WARNING: This is the _old_ Lustre wiki, and it is in the process of being retired. The information found here is all likely to be out of date. Please search the new wiki for more up to date information.
You will find answers to a variety of questions about Lustre™ below.
Can you describe the data caching and cache coherency method?
Complete cache coherence is provided for both metadata (names, readdir lists, inode attributes) and file data. Clients and servers both take locks with a distributed lock management service; caches are flushed before locks are released.
Does Lustre separate metadata and file data?
Yes. The entire namespace is stored on Lustre Metadata Servers (MDSs); file data is stored on Lustre Object Storage Servers (OSSs). Note that unlike many block-based clustered filesystems where the MDS is still in charge of block allocation, the Lustre MDS is not involved in file IO in any manner and is not a source of contention for file IO.
The data for each file may reside in multiple objects on separate servers. Lustre 1.x manages these objects in a RAID-0 (striping) configuration, so each object in a multi-object file contains only a part of the file's data. Future versions of Lustre will allow the user or administrator to choose other striping methods, such as RAID-1 or RAID-5 redundancy.
What is the difference between an OST and an OSS?
As the architecture has evolved, we refined these terms.
An Object Storage Server (OSS) is a server node, running the Lustre software stack. It has one or more network interfaces and usually one or more disks.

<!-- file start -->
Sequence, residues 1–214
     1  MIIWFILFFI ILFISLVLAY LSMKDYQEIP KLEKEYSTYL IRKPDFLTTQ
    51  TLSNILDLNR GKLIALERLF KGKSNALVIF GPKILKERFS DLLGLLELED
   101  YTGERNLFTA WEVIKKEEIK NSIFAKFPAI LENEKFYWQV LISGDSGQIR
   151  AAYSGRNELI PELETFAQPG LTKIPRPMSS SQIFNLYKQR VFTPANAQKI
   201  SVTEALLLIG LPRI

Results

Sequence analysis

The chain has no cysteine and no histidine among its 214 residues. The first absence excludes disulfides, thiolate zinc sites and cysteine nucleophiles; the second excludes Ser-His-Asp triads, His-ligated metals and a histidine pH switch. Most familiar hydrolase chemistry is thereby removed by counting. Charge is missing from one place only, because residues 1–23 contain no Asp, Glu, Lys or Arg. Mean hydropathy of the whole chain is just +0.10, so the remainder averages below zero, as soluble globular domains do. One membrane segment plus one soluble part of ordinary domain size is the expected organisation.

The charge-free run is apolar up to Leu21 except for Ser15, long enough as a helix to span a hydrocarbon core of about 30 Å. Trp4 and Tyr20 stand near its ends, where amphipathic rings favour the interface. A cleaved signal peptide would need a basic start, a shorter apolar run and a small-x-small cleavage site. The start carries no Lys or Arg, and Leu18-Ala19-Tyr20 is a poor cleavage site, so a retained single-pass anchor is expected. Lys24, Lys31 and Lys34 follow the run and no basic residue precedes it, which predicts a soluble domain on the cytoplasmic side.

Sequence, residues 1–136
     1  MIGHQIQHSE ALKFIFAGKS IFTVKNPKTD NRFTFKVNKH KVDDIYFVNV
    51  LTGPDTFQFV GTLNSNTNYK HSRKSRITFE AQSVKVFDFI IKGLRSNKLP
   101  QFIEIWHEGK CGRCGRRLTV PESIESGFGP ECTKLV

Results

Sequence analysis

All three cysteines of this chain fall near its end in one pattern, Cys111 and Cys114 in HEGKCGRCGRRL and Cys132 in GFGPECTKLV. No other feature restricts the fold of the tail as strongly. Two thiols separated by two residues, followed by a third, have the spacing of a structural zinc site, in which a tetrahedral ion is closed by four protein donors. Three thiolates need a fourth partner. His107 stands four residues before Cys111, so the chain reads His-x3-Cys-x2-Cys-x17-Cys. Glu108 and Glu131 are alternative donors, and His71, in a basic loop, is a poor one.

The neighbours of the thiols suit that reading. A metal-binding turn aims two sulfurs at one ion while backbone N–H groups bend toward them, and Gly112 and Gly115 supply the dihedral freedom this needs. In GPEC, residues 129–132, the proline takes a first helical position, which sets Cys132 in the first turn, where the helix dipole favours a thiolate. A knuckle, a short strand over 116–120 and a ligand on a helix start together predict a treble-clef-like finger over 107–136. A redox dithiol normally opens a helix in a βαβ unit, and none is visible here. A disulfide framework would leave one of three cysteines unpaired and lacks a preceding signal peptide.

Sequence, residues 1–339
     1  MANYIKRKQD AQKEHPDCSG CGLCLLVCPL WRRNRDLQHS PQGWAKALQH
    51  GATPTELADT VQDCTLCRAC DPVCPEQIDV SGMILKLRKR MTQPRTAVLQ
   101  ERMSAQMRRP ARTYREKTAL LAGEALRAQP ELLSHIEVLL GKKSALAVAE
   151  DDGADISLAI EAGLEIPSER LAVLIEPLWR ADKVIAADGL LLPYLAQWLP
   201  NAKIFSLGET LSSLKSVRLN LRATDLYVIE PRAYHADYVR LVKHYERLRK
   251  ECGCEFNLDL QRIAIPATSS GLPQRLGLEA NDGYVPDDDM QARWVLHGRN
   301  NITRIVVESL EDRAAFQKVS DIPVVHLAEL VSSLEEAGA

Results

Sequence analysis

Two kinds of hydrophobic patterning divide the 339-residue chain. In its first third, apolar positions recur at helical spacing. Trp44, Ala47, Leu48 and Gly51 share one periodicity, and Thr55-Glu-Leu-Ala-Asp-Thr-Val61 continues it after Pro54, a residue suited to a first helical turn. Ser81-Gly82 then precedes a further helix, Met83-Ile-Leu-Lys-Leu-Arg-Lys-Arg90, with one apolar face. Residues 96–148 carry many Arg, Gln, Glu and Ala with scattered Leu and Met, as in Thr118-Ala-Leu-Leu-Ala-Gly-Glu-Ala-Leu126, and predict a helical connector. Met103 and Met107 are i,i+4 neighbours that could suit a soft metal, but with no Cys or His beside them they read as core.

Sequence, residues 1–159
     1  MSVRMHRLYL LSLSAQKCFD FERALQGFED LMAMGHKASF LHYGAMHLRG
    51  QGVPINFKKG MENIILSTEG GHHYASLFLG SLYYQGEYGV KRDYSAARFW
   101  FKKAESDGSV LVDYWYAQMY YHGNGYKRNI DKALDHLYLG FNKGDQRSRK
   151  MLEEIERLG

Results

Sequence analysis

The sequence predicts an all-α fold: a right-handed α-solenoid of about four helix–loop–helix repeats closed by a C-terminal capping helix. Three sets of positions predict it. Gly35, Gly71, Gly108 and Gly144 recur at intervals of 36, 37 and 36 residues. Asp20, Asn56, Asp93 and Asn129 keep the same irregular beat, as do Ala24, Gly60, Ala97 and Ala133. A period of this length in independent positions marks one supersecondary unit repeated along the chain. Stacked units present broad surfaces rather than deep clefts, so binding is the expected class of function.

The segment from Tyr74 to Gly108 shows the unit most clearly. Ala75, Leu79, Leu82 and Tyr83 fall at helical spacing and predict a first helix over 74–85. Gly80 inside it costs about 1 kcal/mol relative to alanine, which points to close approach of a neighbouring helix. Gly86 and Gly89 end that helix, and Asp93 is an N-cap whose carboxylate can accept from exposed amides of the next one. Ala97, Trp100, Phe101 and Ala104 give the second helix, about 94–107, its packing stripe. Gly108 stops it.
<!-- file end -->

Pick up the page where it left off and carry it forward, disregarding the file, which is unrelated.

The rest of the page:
An Object Storage Target (OST) is an interface to a single exported backend volume. It is conceptually similar to an NFS export, except that an OST does not contain a whole namespace, but rather file system objects.
Is it common for a single OSS to export more than one OST?
Yes, for example to get around the Linux 2.6 maximum 8 TB partition size. Although Lustre will aggregate multiple OSTs into a single large file system, the individual OST partitions are 8 TB.
Does Lustre perform high-level I/O load balancing?
Yes. Because a single file can reside in pieces on many servers, the I/O load for even a single file can be distributed.
Objects are distributed amongst OSTs in a round-robin manner to ensure even load balancing across OSTs and OSS nodes. In Lustre 1.6 and later, if the OSTs are imbalanced in terms of space usage, the MDS will take this into account and allocate a larger fraction of files to OSTs with more free space.
Is there a common synchronized namespace for files and directories?
Yes. All clients that mount the file system will see a single, coherent, synchronized namespace at all times.
Can Lustre be used as part of a "single system image" installation?
Yes. Lustre as the root file system is being used by some installations on both clients and servers.
Do Lustre clients use NFS to reach the servers?
No. Client nodes run a native Lustre client file system driver, which uses the Lustre metadata and object protocols to communicate with the servers. The NFS protocol is not suitable to meet Lustre's metadata, I/O, locking, recovery, or performance requirements.